Flavorful Balance Through Contrast: Chef Surprise with The Del's Chef Albert Vazquez

Shannon Smith
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Last night, Recipe for Success Foundation kicked-off the Chef Surpíse season with Chef Albert Vasquez of The Del, Studewood Hospitality Group's neighborhood restaurant nestled among three of Houston's most fun and family-friendly neighborhoods, Briargrove, Tanglewood and Memorial.


Chef Albert, a South Texas Coast native presented unique flavor profiles through his concept of balance through contrast with dishes like his pickled bratwurst with cowboy bread, camarones a la plancha marinated in a grilled vegetable sofrito and slow-cooked carnitas dressed with a black garlic mole. He finished off the evening with exquisite smoked marranitos, a gingerbread like cookie made of smoked flour and a cafe quemada, a cold coffee sweetened with a dulce de leche of condensed milk. 

Chef Albert's down-home roots and experience appealed to Houston natives and brought a casual, yet elegant feel to RecipeHouse's Chef Surprise kick-off, an intimate 3-course dining experience including wine at RecipeHouse on the First Monday of the month starting at 6:30 pm. Chef Albert began his feat in the restaurant industry when he was only 15 years of age shucking oysters and cleaning fish in Port Aransas. He then found himself training under Scott Tycer at Aries and Gravitas before serving as culinary director for Dish Society.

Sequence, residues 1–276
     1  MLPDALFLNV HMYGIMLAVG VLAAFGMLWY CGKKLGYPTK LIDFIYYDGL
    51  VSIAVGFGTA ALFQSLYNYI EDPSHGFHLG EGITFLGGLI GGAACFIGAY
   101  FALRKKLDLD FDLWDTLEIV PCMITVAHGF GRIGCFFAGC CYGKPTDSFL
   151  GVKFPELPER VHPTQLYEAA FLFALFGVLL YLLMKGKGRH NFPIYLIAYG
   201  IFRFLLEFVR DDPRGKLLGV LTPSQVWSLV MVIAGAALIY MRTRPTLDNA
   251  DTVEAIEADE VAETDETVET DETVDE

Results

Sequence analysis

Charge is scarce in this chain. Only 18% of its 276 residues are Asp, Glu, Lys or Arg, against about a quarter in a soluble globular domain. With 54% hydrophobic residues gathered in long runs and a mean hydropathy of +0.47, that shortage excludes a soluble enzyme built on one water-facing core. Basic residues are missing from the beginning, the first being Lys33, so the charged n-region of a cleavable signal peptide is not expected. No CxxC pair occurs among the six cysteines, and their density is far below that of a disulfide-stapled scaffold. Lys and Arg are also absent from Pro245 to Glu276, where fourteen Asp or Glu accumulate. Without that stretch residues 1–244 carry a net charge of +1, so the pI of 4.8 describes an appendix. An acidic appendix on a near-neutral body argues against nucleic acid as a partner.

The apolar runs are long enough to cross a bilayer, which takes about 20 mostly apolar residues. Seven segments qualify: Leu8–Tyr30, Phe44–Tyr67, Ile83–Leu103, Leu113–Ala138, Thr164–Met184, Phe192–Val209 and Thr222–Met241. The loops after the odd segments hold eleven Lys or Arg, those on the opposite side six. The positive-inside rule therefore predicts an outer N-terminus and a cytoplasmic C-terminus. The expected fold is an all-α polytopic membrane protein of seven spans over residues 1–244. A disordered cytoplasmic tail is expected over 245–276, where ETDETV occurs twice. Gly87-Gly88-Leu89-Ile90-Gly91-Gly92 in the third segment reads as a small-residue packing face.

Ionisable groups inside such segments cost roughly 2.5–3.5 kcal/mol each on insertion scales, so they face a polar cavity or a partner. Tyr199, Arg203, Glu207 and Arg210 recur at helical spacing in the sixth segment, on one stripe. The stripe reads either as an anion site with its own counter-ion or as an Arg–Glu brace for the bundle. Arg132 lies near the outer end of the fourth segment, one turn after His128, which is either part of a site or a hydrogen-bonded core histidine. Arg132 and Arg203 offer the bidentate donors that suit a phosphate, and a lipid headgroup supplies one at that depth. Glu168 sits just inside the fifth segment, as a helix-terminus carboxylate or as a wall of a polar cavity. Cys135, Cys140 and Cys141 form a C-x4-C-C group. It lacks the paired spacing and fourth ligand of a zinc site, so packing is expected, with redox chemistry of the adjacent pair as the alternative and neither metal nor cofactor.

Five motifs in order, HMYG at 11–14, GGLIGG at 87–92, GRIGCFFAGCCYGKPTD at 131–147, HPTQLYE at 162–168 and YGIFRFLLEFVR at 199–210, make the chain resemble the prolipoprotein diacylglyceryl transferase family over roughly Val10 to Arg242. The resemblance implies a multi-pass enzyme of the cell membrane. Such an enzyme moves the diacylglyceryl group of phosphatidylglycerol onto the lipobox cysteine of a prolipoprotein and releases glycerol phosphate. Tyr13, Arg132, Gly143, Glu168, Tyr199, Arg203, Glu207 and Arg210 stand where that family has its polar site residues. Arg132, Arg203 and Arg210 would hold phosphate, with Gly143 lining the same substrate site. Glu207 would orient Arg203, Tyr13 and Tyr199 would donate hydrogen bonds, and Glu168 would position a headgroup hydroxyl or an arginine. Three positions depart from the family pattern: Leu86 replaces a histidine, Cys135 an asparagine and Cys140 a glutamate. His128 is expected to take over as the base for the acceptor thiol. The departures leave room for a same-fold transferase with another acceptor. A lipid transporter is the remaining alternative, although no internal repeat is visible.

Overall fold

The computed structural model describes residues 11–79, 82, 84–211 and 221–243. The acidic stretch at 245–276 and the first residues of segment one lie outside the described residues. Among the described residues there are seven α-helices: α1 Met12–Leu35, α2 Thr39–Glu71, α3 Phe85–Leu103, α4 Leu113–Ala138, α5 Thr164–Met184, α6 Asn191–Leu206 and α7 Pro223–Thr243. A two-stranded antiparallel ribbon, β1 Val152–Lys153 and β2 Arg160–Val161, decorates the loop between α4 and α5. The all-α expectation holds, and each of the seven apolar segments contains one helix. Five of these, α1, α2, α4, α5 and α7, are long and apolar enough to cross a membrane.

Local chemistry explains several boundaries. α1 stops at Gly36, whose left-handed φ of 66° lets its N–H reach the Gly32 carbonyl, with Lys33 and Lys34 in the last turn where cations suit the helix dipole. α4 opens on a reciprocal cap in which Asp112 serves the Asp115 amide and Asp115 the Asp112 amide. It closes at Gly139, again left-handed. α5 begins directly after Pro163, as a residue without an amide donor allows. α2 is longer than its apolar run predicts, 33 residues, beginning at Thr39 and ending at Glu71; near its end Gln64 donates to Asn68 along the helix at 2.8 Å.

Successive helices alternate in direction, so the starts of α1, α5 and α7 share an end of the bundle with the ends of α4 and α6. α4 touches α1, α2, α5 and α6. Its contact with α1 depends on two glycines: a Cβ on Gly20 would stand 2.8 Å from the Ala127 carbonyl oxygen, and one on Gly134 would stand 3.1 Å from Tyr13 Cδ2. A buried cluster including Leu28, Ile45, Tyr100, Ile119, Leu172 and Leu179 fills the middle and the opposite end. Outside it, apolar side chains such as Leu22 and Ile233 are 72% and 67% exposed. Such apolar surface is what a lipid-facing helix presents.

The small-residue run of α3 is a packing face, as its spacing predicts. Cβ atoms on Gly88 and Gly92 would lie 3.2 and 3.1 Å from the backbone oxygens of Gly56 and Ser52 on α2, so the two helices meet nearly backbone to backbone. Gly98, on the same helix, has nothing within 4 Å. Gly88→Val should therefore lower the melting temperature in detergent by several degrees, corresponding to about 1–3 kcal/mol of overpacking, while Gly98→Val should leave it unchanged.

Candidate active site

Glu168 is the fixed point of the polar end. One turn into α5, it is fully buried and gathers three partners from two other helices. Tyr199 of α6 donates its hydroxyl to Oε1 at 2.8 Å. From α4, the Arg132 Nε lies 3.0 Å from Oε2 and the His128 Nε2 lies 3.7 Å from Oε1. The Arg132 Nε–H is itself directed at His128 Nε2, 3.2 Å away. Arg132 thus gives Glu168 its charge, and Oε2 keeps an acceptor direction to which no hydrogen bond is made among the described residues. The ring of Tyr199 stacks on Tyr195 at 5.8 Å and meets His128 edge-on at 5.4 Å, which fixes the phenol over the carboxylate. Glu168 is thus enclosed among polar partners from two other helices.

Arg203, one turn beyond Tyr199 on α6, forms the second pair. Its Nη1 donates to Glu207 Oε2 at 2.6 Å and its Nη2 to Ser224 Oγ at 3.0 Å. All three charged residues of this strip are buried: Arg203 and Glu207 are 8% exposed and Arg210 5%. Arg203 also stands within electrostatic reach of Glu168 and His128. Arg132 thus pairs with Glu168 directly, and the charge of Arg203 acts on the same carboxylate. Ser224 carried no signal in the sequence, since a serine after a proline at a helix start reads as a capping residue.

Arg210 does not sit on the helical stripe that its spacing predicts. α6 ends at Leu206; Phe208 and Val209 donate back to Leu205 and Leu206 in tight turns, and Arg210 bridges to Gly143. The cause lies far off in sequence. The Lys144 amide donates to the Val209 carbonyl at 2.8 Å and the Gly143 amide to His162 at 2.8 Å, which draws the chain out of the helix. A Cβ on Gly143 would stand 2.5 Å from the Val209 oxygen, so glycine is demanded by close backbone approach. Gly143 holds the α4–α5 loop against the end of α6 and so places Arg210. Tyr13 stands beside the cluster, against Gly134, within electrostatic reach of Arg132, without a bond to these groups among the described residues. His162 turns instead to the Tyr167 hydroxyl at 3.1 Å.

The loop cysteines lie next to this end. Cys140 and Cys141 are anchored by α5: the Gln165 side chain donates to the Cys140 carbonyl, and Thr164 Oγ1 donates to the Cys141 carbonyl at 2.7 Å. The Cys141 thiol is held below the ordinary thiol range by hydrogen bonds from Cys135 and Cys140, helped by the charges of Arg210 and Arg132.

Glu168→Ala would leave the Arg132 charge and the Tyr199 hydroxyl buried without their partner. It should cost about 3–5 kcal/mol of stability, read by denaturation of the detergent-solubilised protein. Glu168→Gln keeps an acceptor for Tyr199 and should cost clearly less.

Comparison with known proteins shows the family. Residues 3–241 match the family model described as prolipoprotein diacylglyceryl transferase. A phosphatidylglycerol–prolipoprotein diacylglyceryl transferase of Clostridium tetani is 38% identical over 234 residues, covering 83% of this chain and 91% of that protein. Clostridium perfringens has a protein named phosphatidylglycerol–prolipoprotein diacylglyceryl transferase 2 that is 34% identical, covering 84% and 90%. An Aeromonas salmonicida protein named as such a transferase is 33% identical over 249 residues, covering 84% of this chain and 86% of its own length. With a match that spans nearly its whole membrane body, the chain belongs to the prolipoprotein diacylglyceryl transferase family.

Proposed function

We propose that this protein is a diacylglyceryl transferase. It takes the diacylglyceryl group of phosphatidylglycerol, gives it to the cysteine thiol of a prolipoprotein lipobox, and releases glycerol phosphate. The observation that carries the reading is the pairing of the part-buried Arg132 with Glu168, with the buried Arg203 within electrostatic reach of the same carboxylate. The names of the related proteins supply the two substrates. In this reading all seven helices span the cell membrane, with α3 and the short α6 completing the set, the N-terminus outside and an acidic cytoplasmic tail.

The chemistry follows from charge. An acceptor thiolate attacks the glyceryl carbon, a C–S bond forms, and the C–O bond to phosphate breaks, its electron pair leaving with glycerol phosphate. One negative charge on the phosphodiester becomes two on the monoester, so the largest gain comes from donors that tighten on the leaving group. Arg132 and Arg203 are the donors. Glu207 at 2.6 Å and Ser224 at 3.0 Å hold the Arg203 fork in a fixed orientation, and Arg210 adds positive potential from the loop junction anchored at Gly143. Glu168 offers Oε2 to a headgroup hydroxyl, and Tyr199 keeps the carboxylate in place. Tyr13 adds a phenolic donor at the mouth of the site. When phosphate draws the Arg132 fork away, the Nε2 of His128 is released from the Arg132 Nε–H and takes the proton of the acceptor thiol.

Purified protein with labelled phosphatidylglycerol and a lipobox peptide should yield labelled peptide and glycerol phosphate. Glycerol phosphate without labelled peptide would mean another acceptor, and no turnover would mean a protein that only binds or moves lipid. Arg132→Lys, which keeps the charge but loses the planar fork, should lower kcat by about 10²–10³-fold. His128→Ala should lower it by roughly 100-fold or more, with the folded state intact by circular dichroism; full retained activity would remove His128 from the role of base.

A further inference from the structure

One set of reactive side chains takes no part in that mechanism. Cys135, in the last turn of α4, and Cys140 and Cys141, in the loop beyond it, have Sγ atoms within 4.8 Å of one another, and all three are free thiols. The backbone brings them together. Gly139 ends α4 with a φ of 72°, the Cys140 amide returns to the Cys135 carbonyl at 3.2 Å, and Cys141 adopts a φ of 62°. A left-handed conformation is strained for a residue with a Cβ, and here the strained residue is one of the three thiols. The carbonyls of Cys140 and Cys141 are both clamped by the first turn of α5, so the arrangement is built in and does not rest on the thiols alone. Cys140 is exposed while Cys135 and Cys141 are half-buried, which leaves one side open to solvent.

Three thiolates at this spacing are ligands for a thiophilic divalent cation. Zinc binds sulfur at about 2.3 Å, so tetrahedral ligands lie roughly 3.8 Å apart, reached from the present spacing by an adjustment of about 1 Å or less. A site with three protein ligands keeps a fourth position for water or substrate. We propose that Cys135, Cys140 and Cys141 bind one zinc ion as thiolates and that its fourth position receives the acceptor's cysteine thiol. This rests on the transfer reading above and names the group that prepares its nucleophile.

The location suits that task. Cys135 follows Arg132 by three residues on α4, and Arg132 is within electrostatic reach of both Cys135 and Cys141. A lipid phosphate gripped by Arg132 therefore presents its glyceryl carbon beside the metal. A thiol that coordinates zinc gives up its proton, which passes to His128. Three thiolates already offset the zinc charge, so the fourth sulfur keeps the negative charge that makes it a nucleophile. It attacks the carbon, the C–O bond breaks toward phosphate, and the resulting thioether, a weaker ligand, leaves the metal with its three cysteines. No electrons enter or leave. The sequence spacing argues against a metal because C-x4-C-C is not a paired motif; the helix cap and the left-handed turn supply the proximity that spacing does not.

RecipeHouse, home to private-events and cooking classes benefitting Recipe for Success Foundation, hosts Chef Surprise to engage chefs and the community as they fight childhood obesity with a fun, culinary adventure. Chef Surprise has featured past chefs including, Omar Pereney, of Peska, Randy Evans, Rebecca Masson of Fluff Bake Bar and Brandi Key of Coppa Osteria and Punk's Simple Southern Food

For more information on how to join RecipeHouse for our upcoming Chef Surpríse event, click here.

Post Oak HS J-Term

Sandra Cook
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Houston's Post Oak High School seeks to provide unique opportunities for students to cultivate real-life experiences. The school's teaching methods nourish students' diverse interests, helping students identify personal passions and actively prepare for university and for life beyond school. For three weeks each January, Post Oak High School students participate in an intensive study program, called J-Term.